Rozner: Just imagine the Olympics in Chicago

Illinois doesn't get lucky very often.

Well, there was the time Carmelo Anthony didn't sign here, but mostly it's just bad.

Bridges crumbling, roads falling apart, mass transit in shambles and a government in tatters.

By most economic metrics, it's the worst state in the country - or at least in the bottom two or three - with taxes soaring and businesses catching the next flight out of town.

Broke and more broken by the day.

If you applied expected win percentage, Illinois would be the '62 Mets, who lost 120 games.

If it makes you feel better, the Pythagorean theorem had the Mets at only 110 losses. Guess Casey Stengel should have gotten more out of first baseman Marv Throneberry and his 16 home runs.

Said Stengel, "The Mets have shown me more ways to lose than I even knew existed."

He would have felt right at home in Illinois.

No, it's not good, but we can be thankful for one great moment: the day we didn't get the Olympics.

Yeah, things were bad in October 2009. Really bad, though not nearly as bad as they are now. And, yet, there were all our favorite politicians flying around the world in a desperate attempt to bring the 2016 Olympics to Chicago.

And wouldn't that have been wonderful.

If you think the Zika virus threatening to halt the Games in Rio is a big deal, imagine Olympic athletes running for their lives in a city now known more for its weekend murder totals than wind and pizza.

Among all the other problems - like mosquitoes and polluted waterways - Brazil has been plagued by cost overruns, corruption and theft.

With all due respect to what is certainly a nightmare for the locals in Rio, Chicago is the capitol of capital corruption, and overspending is the state mantra. Rio is amateur hour in comparison.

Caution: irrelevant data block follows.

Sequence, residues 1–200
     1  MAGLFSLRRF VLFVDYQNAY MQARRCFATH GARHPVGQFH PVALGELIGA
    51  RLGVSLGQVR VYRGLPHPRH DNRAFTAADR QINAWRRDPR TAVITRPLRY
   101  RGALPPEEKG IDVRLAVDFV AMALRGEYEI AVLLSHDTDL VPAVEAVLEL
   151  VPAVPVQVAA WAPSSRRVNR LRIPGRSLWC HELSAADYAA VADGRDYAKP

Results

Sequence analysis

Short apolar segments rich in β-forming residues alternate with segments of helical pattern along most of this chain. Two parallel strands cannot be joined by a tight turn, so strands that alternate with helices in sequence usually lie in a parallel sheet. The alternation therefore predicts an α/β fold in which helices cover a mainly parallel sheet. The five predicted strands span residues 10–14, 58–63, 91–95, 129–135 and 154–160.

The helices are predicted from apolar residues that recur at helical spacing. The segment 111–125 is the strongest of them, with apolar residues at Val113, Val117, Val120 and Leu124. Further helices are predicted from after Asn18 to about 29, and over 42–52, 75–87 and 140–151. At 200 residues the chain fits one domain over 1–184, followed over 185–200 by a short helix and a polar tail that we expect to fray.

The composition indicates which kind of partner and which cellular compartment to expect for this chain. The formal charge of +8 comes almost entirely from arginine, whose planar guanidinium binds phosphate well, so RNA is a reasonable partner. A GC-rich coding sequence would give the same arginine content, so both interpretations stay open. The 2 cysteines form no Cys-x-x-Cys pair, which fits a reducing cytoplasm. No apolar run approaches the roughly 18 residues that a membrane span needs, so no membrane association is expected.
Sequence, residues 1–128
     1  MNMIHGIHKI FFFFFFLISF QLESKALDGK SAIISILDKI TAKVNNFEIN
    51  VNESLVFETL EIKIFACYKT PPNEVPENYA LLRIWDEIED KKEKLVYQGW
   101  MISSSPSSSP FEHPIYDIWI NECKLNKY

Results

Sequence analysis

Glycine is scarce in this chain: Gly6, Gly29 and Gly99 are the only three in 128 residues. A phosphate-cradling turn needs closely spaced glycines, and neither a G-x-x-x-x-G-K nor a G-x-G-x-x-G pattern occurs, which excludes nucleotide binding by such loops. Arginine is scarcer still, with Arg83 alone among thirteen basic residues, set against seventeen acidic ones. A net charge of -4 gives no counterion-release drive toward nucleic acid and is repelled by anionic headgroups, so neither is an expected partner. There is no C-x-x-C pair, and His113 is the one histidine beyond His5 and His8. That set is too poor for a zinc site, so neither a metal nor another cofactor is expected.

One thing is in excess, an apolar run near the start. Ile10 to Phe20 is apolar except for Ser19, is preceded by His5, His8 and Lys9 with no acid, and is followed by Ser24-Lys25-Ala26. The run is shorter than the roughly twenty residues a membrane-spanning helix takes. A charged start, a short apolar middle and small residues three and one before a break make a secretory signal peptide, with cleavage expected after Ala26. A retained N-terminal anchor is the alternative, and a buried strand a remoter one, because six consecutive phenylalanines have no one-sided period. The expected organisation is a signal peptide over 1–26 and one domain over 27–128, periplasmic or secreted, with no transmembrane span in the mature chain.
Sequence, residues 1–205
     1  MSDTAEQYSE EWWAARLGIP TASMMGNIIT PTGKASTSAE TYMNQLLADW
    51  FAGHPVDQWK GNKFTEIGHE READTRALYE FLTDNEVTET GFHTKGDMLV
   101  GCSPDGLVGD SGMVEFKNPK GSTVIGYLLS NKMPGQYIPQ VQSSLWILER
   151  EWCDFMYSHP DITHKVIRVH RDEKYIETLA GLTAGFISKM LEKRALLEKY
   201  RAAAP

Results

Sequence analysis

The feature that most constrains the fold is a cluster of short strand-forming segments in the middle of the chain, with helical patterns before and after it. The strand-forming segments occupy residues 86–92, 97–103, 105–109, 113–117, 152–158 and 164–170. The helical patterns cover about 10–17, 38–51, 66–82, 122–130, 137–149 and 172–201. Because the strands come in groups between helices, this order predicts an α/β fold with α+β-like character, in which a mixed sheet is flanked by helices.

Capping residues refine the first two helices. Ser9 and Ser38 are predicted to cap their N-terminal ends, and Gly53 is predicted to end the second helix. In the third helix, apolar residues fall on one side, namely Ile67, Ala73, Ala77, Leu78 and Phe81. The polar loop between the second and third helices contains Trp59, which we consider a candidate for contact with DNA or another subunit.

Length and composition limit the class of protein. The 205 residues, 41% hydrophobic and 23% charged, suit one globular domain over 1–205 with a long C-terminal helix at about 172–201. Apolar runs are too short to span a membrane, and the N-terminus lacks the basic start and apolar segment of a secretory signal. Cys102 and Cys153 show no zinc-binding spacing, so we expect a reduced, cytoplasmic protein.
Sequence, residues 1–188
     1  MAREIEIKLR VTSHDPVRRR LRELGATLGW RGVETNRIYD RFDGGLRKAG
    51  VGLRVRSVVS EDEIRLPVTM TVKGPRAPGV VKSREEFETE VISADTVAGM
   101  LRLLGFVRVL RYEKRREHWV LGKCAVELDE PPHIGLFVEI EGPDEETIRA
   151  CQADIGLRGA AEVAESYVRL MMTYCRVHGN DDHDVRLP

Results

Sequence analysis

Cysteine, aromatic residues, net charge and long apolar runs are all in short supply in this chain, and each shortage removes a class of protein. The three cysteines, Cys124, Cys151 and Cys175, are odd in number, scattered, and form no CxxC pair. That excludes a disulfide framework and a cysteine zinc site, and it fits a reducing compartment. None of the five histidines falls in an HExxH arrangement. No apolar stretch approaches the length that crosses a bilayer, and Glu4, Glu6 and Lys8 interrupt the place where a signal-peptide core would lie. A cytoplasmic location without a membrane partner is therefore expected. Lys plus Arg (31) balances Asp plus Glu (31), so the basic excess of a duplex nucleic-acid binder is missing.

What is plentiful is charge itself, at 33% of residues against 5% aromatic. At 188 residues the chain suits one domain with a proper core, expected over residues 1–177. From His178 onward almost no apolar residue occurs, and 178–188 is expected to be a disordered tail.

And considering how much it really costs to host the Olympics, compared to estimates and budgets, imagine what this would have done to Illinois, Cook County and Chicago, which has become expert on closing schools and businesses.

Chicago's bid was $4.8 billion, a laughable number and one taxpayers knew was a joke from the start. London cost $14 billion, Rio estimated $14 billion, Beijing spent $40 billion and Sochi was reported as $50 billion, though some believe the real total could have been twice that much.

What's left in the Games' wake is abandoned buildings and a huge bill. The rich and famous politicians - and their pol pals - make out like bandits with fat contracts and big construction projects.

And guess who gets to pay the tab when the cheering ends and the tourists are gone?

Yup, a terrible idea in 2009 looks even worse today, just two months away from what could be a disaster in Brazil, if it even takes place.

The Zika virus is no joke, and athletes who are worried about exposure aren't laughing.

The World Health Organization has already declared the Zika virus a "global public health emergency," and a group of scientists recently sent a letter to WHO calling for the Olympics to be relocated or rescheduled.

It's only two months away and Rio has already spent billions on stadiums and golf courses, in lieu of minor items like hospitals and housing.

It's a boondoggle from which some cities, states and countries need decades to extricate themselves, and it's only by sheer luck that Chicagoans did not find themselves suffocating in a black, Olympic hole.

Chicago is accustomed to failure - and suffering because of it - but losing out on the 2016 Olympics is one defeat we should celebrate forever.

• Listen to Barry Rozner from 9 a.m. to noon Sundays on the Score's "Hit and Run" show at WSCR 670-AM.

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